The action of Othello moves from the metropolis of Venice to the island of Cyprus. Protected by military fortifications as well as by the forces of nature, Cyprus faces little threat from external forces. Once Othello, Iago, Desdemona, Emilia, and Roderigo have come to Cyprus, they have nothing to do but prey upon one another. Isolation enables many of the play’s most important effects: Iago frequently speaks in soliloquies; Othello stands apart while Iago talks with Cassio in Act IV, scene i, and is left alone onstage with the bodies of Emilia and Desdemona for a few moments in Act V, scene ii; Roderigo seems attached to no one in the play except Iago. And, most prominently, Othello is visibly isolated from the other characters by his physical stature and the color of his skin. Iago is an expert at manipulating the distance between characters, isolating his victims so that they fall prey to their own obsessions. At the same time, Iago, of necessity always standing apart, falls prey to his own obsession with revenge. The characters cannot be islands, the play seems to say: self-isolation as an act of self-preservation leads ultimately to self-destruction. Such self-isolation leads to the deaths of Roderigo, Iago, Othello, and even Emilia.


Sight and Blindness

The action of the play depends heavily on characters not seeing things: Othello accuses his wife although he never sees her infidelity, and Emilia, although she watches Othello erupt into a rage about the missing handkerchief, does not figuratively “see” what her husband has done.



The Handkerchief

Since the handkerchief was the first gift Desdemona received from Othello, she keeps it about her constantly as a symbol of Othello’s love. Iago manipulates the handkerchief so that Othello comes to see it as a symbol of Desdemona herself—her faith and chastity. By taking possession of it, he is able to convert it into evidence of her infidelity. Othello claims that his mother used it to keep his father faithful to her, so, to him, the handkerchief represents marital fidelity.


The Song “Willow”

As she prepares for bed in Act V, Desdemona sings a song about a woman who is betrayed by her lover. She was taught the song by her mother’s maid, Barbary, who suffered a misfortune similar to that of the woman in the song; she even died singing “Willow.” The song’s lyrics suggest that both men and women are unfaithful to one another. To Desdemona, the song seems to represent a melancholy and resigned acceptance of her alienation from Othello’s affections, and singing it leads her to question Emilia about the nature and practice of infidelity.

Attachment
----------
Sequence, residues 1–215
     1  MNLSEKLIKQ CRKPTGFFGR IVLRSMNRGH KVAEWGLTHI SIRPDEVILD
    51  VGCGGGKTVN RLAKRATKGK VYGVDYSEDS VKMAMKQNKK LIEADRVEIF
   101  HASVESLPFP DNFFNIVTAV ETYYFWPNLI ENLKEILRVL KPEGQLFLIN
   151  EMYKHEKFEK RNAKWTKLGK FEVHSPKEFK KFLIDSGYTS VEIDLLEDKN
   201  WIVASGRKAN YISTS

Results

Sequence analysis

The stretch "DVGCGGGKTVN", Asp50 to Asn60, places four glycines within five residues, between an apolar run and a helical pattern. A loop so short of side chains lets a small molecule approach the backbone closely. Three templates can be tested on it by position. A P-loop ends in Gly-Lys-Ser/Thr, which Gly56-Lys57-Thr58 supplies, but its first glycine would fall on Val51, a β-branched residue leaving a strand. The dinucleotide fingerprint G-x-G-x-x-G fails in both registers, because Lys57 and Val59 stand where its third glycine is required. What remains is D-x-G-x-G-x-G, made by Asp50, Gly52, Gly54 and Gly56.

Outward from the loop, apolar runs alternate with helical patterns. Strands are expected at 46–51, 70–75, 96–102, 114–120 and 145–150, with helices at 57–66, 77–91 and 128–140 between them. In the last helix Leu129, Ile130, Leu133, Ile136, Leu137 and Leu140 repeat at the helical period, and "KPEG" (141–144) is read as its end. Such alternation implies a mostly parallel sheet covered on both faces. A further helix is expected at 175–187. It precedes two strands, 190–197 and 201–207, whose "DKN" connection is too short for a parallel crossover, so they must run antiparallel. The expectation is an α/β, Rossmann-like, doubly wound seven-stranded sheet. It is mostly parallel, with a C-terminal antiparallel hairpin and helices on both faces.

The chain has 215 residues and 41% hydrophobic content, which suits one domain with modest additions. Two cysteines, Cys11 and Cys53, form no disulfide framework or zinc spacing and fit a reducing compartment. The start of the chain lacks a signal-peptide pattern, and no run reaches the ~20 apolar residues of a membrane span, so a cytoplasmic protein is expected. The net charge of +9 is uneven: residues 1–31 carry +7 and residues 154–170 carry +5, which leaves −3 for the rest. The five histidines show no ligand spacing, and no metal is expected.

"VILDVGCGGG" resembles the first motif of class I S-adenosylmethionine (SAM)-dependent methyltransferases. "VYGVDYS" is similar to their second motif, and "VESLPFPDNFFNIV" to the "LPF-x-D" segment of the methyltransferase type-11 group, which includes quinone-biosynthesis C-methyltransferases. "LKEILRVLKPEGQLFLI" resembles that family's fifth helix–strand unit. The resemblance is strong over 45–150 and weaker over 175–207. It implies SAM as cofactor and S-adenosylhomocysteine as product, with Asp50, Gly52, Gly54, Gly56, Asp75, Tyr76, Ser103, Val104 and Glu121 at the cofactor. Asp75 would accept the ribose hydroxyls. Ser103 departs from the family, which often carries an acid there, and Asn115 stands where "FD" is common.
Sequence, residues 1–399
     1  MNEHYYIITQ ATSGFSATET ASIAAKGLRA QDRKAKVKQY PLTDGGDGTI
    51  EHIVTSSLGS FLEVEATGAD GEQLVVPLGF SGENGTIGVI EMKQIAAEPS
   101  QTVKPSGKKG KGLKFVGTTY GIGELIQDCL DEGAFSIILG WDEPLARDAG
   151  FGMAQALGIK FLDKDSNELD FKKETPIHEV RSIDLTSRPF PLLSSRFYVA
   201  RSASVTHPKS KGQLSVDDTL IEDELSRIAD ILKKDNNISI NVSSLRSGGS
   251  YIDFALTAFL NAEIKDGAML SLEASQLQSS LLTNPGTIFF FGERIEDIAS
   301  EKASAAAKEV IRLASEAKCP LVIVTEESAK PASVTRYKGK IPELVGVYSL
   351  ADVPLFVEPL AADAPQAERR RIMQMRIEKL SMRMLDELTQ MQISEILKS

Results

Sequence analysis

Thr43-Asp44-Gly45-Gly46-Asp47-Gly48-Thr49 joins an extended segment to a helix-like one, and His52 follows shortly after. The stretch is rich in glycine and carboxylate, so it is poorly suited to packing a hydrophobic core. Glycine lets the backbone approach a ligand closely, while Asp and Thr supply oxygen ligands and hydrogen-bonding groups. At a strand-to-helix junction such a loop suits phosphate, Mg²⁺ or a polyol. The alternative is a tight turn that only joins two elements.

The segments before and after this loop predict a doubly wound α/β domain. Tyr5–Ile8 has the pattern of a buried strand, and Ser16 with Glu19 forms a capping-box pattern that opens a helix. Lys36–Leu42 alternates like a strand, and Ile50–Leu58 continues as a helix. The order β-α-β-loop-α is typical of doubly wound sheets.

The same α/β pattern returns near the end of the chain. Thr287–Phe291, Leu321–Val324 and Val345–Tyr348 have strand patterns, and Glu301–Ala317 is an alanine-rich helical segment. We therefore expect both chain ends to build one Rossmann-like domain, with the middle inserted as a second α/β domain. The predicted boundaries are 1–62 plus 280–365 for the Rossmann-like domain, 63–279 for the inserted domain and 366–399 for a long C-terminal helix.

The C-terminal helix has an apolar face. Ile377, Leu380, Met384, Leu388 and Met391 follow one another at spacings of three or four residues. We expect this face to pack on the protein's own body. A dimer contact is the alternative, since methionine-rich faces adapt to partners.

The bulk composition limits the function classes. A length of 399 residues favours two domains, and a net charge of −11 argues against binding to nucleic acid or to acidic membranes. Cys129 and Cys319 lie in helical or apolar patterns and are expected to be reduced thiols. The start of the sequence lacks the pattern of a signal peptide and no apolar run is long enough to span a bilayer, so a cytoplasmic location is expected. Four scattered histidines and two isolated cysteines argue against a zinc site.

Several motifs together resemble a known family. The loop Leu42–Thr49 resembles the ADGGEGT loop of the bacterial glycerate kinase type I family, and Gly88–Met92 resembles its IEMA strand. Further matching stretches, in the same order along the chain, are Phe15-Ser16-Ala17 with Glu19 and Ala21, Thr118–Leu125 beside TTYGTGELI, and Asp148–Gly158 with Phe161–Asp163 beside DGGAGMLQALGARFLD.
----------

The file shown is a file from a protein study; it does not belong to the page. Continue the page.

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Mrs. Dalloway

Virginia Woolf



Communication vs. Privacy

Throughout Mrs. Dalloway, Clarissa, Septimus, Peter, and others struggle to find outlets for communication as well as adequate privacy, and the balance between the two is difficult for all to attain. Clarissa in particular struggles to open the pathway for communication and throws parties in an attempt to draw people together. At the same time, she feels shrouded within her own reflective soul and thinks the ultimate human mystery is how she can exist in one room while the old woman in the house across from hers exists in another. Even as Clarissa celebrates the old woman’s independence, she knows it comes with an inevitable loneliness. Peter tries to explain the contradictory human impulses toward privacy and communication by comparing the soul to a fish that swims along in murky water, then rises quickly to the surface to frolic on the waves. The war has changed people’s ideas of what English society should be, and understanding is difficult between those who support traditional English society and those who hope for continued change. Meaningful connections in this disjointed postwar world are not easy to make, no matter what efforts the characters put forth. Ultimately, Clarissa sees Septimus’s death as a desperate, but legitimate, act of communication.


Disillusionment with the British Empire